Fruit trees, native trees and shrubs including willow, poplar, maple and alder.
Damage Buds - Large areas chewed from buds, petals and flower parts. Leaves - Large areas chewed from leaves before bloom; severe infestations can almost defoliate trees. Fruit - Holes in small fruit resulting in small russeted scars in mature fruit.
Identification Larva - Yellowish-green to dark green with light to dark brown head; larger larva with cream to white lateral stripes and moves with looping motion. Adult - Wingless female; male moth with thin, semitransparent wings banded with brown and gray.
Bruce Spanworm overwinters as eggs laid singly on twigs. The eggs hatch near the green tip stage of apple. Most larvae mature and drop to the ground by petal-fall. Larvae remain in the soil until pupation in the fall. Adults appear in October and November. Wingless females crawl up the tree, mate and lay overwintering eggs.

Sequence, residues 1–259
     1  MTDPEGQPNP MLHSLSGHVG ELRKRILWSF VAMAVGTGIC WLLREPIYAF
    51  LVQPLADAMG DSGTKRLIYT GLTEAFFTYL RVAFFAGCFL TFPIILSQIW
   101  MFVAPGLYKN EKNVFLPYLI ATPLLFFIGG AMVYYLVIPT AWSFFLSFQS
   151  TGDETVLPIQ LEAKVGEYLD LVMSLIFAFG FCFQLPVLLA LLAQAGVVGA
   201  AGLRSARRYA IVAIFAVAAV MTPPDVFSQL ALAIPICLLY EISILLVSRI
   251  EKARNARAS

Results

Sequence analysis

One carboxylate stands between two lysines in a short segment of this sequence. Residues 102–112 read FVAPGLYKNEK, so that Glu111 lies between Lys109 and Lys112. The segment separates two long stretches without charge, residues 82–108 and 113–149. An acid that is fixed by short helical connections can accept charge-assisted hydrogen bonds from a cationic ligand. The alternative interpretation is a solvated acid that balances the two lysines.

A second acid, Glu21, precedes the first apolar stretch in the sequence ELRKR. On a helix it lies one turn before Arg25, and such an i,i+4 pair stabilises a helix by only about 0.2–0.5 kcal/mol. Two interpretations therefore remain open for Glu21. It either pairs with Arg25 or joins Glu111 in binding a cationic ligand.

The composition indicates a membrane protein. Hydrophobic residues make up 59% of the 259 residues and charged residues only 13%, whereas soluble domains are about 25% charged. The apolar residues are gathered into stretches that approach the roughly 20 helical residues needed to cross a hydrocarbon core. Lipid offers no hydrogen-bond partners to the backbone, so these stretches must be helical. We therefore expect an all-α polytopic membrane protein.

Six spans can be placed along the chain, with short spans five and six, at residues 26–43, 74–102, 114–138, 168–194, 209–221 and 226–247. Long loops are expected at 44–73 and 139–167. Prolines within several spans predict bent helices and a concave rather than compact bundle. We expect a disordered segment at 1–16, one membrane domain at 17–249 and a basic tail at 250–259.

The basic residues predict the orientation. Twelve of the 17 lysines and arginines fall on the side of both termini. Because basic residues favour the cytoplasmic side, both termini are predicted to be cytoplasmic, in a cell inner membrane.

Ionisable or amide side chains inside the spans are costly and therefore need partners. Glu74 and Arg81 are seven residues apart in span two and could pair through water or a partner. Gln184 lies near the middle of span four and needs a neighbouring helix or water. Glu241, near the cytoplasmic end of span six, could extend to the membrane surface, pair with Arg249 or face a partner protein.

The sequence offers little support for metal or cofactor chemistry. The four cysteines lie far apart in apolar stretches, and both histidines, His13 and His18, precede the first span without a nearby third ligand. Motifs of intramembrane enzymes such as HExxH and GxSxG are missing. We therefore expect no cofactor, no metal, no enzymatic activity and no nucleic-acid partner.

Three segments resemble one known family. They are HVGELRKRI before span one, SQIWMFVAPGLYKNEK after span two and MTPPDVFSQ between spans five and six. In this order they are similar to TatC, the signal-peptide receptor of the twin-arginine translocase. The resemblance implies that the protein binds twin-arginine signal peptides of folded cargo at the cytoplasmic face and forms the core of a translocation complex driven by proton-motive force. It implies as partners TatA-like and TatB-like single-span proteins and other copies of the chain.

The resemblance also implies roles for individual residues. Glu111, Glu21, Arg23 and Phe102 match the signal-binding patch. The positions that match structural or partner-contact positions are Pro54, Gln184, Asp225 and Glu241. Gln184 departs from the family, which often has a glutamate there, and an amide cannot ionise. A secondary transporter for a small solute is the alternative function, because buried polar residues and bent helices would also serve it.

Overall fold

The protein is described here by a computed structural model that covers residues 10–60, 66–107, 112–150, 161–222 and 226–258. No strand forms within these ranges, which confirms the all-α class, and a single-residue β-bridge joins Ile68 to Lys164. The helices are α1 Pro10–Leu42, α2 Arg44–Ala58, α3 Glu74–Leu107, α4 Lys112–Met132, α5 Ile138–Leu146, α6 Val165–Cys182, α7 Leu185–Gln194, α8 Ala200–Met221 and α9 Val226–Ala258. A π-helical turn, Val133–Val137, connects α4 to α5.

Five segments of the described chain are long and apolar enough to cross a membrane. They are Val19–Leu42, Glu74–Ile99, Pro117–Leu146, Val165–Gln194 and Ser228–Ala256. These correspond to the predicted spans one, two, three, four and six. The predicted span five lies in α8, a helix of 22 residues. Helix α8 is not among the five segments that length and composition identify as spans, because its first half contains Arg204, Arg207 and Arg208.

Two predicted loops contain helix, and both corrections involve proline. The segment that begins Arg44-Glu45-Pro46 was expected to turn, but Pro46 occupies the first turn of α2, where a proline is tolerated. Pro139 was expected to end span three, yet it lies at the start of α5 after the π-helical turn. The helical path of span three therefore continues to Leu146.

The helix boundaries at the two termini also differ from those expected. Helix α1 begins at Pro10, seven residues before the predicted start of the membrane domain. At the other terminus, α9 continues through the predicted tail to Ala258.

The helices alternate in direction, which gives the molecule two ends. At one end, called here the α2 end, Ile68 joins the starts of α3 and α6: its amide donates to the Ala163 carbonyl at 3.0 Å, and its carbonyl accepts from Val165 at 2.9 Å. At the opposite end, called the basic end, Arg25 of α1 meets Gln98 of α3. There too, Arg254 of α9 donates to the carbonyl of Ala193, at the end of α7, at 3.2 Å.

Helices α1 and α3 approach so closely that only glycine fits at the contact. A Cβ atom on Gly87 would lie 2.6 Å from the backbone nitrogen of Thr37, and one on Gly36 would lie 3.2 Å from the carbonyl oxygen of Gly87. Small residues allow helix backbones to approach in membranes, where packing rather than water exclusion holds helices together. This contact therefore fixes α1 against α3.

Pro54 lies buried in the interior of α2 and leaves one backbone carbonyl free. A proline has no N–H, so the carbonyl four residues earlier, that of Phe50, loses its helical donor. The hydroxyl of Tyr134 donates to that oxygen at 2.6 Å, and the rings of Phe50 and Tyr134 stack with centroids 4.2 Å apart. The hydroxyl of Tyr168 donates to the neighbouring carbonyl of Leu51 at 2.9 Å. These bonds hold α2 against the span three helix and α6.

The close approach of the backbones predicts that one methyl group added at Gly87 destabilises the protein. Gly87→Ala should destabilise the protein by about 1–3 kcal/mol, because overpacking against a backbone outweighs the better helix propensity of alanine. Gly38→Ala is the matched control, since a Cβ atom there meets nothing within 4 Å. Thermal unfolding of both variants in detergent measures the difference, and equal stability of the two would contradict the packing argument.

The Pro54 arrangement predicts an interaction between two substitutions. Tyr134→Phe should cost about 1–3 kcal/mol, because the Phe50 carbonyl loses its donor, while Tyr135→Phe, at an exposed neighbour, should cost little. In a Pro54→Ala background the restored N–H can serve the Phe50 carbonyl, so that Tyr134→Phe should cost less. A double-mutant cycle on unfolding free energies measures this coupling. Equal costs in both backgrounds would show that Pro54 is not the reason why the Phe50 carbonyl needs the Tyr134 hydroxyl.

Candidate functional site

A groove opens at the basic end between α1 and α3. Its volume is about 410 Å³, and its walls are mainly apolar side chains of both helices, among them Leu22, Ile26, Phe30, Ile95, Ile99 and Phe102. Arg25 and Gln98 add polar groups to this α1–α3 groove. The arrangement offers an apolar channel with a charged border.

Examine fruit bud and blossom clusters for larvae and feeding damage. Limb taps can also detect larvae.
Control There are many natural enemies that affect Bruce spanworm populations. It is thought that parasites are important in controlling populations between outbreak, though they seem ineffective in regulating populations once an outbreak has begun. For the most recent information on insecticides available for control of this pest, call Agriculture and Agri-Food Canada's Plant Industry Directorate in Ottawa (toll-free) at 1-800-267-6315.